It's roughly 300 times faster for 50,000 and the factor increases over time.

I've used it to compute the prime numbers up to 100.000.000 in about 3 seconds which hopefully isn't too bad but I'm looking forward to your solutions.

Before we conclude this post I want to show a flamegraph for my ConstraintSolver project.

This can look a bit daunting at first but I think we understood how we can read it in general so let's step back a bit and just see which blocks are wide.

β Note

You might want to click on the image to see a bigger version π

One thing you might see is this big `Array`

block in the middle and `_new_array`

below it. Seems like we are creating a lot of new arrays in between. This is something that we might be able to catch with `track-allocation=user`

as well but this is a very quick way of getting a big overview.

The solver currently has about ~9K lines of code so just checking it line by line which might be a good approach for the prime function from before is not really feasible. In this post I don't want to have a look on how I resolved this issue but you might want to subscribe to the mail list to get notified about my next ConstraintSolver post π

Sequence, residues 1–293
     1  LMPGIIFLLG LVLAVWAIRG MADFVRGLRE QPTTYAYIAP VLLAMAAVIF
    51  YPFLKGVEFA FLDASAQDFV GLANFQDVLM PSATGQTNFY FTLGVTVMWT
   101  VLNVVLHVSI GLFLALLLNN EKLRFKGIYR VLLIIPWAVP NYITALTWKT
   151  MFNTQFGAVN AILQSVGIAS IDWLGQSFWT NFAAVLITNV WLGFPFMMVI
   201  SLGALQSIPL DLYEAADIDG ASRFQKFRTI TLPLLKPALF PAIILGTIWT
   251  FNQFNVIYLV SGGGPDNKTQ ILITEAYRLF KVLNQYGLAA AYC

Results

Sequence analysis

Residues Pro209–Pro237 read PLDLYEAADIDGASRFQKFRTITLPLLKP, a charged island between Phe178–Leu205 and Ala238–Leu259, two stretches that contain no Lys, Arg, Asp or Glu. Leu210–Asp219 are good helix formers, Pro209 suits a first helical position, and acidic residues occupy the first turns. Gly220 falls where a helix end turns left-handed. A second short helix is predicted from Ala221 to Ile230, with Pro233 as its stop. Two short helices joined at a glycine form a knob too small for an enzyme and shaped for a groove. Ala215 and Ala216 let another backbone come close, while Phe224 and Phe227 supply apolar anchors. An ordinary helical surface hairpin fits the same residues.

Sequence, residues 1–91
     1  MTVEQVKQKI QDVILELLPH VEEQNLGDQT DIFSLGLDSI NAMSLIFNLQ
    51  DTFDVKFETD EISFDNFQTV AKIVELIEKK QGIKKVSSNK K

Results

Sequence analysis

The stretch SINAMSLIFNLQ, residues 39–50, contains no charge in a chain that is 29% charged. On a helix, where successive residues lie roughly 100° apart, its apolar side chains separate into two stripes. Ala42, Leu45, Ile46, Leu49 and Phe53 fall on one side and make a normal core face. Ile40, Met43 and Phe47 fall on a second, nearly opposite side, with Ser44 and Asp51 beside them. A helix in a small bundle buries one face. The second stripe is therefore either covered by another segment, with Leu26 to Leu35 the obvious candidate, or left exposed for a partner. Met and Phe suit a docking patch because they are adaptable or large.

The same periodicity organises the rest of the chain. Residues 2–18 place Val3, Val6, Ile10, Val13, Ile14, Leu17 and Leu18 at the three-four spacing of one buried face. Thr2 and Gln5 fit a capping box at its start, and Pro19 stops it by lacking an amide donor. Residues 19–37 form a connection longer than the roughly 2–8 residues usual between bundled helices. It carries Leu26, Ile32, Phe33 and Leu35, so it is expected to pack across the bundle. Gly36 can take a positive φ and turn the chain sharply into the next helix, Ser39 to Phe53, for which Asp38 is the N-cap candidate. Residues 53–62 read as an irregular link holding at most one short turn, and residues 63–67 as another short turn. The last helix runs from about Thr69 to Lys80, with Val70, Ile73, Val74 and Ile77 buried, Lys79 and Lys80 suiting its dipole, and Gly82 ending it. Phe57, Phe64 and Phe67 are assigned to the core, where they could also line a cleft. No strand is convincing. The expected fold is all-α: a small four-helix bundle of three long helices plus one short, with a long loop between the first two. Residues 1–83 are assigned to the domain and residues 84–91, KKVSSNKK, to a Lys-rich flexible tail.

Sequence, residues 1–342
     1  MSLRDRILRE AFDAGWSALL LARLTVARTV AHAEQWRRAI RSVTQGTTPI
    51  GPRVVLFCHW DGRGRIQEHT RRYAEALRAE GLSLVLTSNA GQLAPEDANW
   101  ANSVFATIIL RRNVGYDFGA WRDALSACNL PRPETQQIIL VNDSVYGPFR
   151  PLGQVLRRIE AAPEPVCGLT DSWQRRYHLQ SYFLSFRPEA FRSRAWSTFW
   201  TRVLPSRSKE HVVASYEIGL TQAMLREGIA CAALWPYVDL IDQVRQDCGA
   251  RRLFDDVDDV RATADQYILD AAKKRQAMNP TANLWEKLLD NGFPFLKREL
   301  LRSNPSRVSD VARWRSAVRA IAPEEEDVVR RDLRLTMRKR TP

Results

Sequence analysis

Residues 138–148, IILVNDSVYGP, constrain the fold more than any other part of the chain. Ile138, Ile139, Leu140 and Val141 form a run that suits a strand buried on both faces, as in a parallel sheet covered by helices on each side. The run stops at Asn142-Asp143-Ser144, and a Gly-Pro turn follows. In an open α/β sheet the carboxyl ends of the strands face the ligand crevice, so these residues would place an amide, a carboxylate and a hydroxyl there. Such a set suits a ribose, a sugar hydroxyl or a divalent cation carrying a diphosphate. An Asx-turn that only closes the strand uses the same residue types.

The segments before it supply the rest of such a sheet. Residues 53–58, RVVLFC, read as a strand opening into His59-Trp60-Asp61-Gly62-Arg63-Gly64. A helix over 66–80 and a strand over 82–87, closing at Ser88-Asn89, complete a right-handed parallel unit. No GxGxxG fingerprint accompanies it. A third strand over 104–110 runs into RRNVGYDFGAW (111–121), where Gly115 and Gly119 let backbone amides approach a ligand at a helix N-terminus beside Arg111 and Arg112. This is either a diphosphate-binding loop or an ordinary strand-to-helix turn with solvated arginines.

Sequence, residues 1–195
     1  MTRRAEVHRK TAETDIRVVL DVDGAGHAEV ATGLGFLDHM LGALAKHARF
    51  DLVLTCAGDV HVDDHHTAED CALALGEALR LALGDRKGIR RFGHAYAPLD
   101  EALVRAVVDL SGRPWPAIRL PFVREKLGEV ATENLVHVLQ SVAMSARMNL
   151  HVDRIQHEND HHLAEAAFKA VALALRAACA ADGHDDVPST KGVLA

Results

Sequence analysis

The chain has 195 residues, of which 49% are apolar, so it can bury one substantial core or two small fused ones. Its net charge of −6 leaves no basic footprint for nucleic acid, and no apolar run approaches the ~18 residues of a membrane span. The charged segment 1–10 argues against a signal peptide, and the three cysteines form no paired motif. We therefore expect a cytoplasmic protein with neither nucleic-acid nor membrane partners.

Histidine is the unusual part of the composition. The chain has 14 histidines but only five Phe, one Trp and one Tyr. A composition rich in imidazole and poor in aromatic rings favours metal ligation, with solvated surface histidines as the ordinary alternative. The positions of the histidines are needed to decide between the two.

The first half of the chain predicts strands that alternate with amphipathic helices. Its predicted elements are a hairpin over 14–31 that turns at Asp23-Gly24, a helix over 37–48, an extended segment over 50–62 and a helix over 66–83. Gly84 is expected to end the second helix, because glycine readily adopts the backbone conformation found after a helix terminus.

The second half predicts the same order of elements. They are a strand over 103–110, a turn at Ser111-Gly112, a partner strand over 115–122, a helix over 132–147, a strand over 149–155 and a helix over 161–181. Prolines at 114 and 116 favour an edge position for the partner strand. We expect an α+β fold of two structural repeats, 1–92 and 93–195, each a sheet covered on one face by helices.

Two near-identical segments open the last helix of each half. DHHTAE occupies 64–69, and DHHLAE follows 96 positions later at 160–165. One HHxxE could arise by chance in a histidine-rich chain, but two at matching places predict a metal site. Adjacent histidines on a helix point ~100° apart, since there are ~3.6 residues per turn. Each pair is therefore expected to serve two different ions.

Hope you've learned different ways to benchmark and profile your code using a variety of tools. There are some specific things that are not easy to see using these tools like type instability or bad memory layout but I felt these can often be avoided by having a basic understanding of those beforehand. I might do a blog post about these as well.

Additionally it's possible to have a look at a more lowered code level with some macros to dive deeper into some functions for micro optimizations which might be interesting for a future blog post as well.

**List of other interesting tools and links you might want to have a look at**

Performance Tips in Julia

ProfileView.jl similar to PProf but doesn't show it in a browser window but instead uses Gtk

Cthulhu finding type inference issues (I might use this in another post)

**Thanks to my 11 patrons!**

Special special thanks to my >4$ patrons. The ones I thought couldn't be found π

Site Wang

Gurvesh Sanghera

Szymon BΔczkowski

Colin Phillips

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There is also a special tier if you want to get some help for your own project. You can checkout my mentoring post if you're interested in that and feel free to write me an E-mail if you have questions: o.kroeger <at> opensourc.es